The Journal continues:
In U.S. there has long been broad support for government funding of basic research and development. One result is that the U.S. still leads in inventing and designing new technology, even though the manufacture of the resulting products moved abroad, mostly to East Asia…
Advocates of industrial policy in Congress and the White House are no longer satisfied simply promoting innovation; they want the resulting products to be made in the U.S. They have multiple goals: to secure U.S. supply, create jobs and ensure that the resulting intellectual property stays in the U.S. rather than being transferred to Chinese competitors via outsourcing.
Last month, the White House proposed a breadth of tools to boost domestic production in four sectors deemed vital to the supply chain: semiconductors, batteries, specialized minerals and pharmaceutical ingredients.
It proposed using several existing federal loan, tax-credit and R&D programs to support electric-vehicle battery manufacturing. To reduce dependence on foreign supplies of neodymium magnets, important components of motors and other devices, it suggested imposing tariffs under the same 1962 national-security law that former President Donald Trump used to impose tariffs on imported steel and aluminum.
The administration also announced plans for a public-private consortium to revive domestic production of 50 to 100 critical drugs, as well as plans for a domestic lithium-battery supply chain.
So the US is getting religion, albeit late in the game. For instance, pharmaceutical inputs are a big area of vulnerability. From a 2018 post:
A recent book, China RX: Exposing the Risks of America’s Dependence on China for Medicine by Rosemary Gibson and Janardan Prasad Singh, appears not to have gotten the attention it warrants..
The big message of Gibon’s and Singh’s book is that the US relies on China for the production of active ingredients in drugs and in many cases, of the medications themselves, to the degree that we would have a public health crisis if supplies were interrupted. As Gibson said on C-SPAN:
Many people that we spoke to, both former government officials and some in industry said that if China shut the door on exports, within months, pharmacy shelves in the United States to be empty, and hospitals would cease to function.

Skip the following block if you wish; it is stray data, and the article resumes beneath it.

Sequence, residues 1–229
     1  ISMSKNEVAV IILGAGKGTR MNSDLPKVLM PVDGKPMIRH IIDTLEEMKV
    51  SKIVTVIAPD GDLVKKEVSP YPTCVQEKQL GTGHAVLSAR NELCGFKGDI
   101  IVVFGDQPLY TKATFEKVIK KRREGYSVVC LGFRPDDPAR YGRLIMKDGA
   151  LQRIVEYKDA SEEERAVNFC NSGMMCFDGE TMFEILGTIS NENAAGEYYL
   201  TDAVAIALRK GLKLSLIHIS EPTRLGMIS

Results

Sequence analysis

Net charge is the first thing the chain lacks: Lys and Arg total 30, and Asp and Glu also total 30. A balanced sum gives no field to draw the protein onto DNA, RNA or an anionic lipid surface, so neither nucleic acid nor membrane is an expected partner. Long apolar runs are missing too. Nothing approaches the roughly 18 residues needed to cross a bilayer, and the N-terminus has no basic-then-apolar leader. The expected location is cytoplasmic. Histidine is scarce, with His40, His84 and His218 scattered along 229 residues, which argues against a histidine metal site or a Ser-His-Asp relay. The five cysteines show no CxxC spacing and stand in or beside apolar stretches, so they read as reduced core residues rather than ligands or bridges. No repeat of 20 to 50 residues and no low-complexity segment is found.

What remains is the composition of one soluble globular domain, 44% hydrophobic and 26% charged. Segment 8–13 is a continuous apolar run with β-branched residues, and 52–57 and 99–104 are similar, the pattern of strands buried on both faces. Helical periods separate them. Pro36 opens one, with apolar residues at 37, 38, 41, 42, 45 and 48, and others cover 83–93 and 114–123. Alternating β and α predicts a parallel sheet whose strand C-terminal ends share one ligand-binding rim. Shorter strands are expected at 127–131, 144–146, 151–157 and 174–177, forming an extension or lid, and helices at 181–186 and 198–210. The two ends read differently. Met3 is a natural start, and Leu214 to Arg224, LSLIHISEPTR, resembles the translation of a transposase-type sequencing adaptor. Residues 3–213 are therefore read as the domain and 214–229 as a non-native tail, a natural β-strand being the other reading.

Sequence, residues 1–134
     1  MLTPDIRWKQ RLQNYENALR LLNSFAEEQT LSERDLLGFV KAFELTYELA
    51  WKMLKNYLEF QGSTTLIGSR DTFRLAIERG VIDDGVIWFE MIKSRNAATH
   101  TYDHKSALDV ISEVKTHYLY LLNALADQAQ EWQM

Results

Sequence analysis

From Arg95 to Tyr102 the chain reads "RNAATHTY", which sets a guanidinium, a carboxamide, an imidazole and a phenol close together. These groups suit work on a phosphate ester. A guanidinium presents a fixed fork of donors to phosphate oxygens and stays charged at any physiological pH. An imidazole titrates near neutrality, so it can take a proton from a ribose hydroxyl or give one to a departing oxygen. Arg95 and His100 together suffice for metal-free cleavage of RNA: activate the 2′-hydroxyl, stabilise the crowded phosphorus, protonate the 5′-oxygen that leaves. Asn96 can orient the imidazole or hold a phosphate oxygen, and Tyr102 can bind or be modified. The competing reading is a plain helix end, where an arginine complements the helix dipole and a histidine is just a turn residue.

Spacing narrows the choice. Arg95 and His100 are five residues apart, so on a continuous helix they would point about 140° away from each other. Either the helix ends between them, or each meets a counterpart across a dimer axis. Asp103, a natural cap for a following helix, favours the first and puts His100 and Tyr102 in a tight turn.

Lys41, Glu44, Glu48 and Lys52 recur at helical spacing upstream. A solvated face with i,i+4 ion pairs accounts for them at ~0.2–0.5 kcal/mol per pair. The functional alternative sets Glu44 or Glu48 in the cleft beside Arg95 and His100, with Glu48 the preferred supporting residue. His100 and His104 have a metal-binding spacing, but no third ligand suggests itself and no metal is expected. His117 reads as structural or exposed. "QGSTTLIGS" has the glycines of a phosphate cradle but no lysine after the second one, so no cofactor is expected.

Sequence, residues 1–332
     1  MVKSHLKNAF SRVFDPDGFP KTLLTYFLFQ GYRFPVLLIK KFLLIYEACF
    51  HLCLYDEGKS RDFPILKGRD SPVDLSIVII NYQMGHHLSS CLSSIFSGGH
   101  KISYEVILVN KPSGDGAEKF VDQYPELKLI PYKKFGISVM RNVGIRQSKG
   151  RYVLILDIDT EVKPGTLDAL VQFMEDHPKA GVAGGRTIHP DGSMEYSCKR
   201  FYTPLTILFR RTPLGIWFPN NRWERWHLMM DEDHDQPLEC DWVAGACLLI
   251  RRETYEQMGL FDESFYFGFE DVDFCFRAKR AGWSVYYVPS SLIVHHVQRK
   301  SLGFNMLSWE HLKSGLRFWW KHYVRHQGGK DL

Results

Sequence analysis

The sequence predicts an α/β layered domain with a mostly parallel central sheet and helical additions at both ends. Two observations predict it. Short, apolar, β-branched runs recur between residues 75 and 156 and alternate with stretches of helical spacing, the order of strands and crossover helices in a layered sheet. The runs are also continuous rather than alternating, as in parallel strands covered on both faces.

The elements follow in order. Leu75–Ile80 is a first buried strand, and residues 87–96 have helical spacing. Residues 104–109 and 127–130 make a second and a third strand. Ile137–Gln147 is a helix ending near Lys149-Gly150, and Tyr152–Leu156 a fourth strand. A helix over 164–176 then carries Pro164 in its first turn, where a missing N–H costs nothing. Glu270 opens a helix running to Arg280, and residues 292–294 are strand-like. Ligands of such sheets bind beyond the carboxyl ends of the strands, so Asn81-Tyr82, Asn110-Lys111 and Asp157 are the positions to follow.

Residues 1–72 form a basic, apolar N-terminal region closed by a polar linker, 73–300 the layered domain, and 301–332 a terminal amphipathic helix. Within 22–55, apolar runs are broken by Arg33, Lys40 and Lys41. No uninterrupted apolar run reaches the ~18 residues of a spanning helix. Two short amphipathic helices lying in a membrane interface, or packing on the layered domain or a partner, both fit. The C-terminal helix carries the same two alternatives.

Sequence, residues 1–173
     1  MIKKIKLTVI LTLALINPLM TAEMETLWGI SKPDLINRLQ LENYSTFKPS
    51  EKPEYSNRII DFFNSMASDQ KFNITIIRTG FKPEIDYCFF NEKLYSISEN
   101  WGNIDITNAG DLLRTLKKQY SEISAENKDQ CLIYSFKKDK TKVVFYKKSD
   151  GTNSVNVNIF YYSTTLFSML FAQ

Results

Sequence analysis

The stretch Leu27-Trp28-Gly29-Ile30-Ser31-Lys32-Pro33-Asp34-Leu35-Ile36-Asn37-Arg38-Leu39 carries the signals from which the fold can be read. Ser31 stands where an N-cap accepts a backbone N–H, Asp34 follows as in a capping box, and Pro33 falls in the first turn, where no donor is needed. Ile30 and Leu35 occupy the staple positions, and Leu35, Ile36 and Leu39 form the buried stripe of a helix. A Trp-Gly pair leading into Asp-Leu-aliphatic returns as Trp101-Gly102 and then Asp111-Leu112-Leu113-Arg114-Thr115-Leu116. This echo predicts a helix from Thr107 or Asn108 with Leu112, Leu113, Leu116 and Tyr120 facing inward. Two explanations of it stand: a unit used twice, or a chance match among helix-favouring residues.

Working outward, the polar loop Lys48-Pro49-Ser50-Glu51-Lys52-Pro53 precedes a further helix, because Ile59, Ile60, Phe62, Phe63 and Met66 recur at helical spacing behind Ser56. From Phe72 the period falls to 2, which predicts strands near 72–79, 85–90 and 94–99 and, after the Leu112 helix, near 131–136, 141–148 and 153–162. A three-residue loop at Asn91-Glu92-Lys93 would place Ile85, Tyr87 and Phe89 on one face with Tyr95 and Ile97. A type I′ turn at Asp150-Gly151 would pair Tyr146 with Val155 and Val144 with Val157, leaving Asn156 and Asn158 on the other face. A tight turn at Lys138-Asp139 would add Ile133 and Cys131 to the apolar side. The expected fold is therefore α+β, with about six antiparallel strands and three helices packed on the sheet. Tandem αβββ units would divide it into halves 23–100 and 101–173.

And don’t assume generics king India would step into the breach. India gets many of the active ingredients for its pharmaceuticals from China. Gibson forecasts that China will overtake India in generics manufacture within a decade.
As Gibson explains, the US no longer makes its own penicillin, in part because China dumped penicillin in 2004, driving the last US plant out of business.
The medications where the US relies on China include heparin, a blood thinner that among other things is used for IV drips. No heparin, no IV treatments. Due to the difficulty in tracing the source of drug company ingredients, the authors could make only case by case investigations, but they China production to be critical for treatments for Alzheimer’s HIV, depression, schizophrenia, cancer, epilepsy, and high blood pressure.
But the “provide subsidies and they will come” approach is naive. First, the record of tax credits and other gimmies is that they overwhelmingly activities that would have happened anyhow. Second, the officialdom seems to miss that building stuff doesn’t happen in a vacuum. It often requires skilled lower level workers, supervisors, and factory managers. Even with a push to train more high school students to become future tech manufacturing workers….where do we get the critical cadre of operation managers?
Another issue is cost. In an ideal world, the plants would be in decent proximity to customers so they could collaborate closely. Remember “clusters”? The price of real estate in Silicon Valley is an impediment, and I assume it’s not much better near MIT or Austin or Seattle.
So while industrial policy is long overdue, it’s been so long since the US has been any good at it that I’m not sure anyone inside the Beltway has a good idea about how to put one foot in front of the other.
1 The reason for Japan’s bubble and bust had just about nothing to do with its industrial policy. Banks were supposed to be only minimally profitable and support industry. The returns on assets of Japan’s banks were accordingly stunningly low compared to big banks in the rest of the world. But the US (remember Japan was and still largely is a military protectorate of the US) forced rapid deregulation upon Japanese banks, which focused on retail and simple corporate lending. It was like telling a drayage company that it was really in the transportation business and giving it a 747 to fly.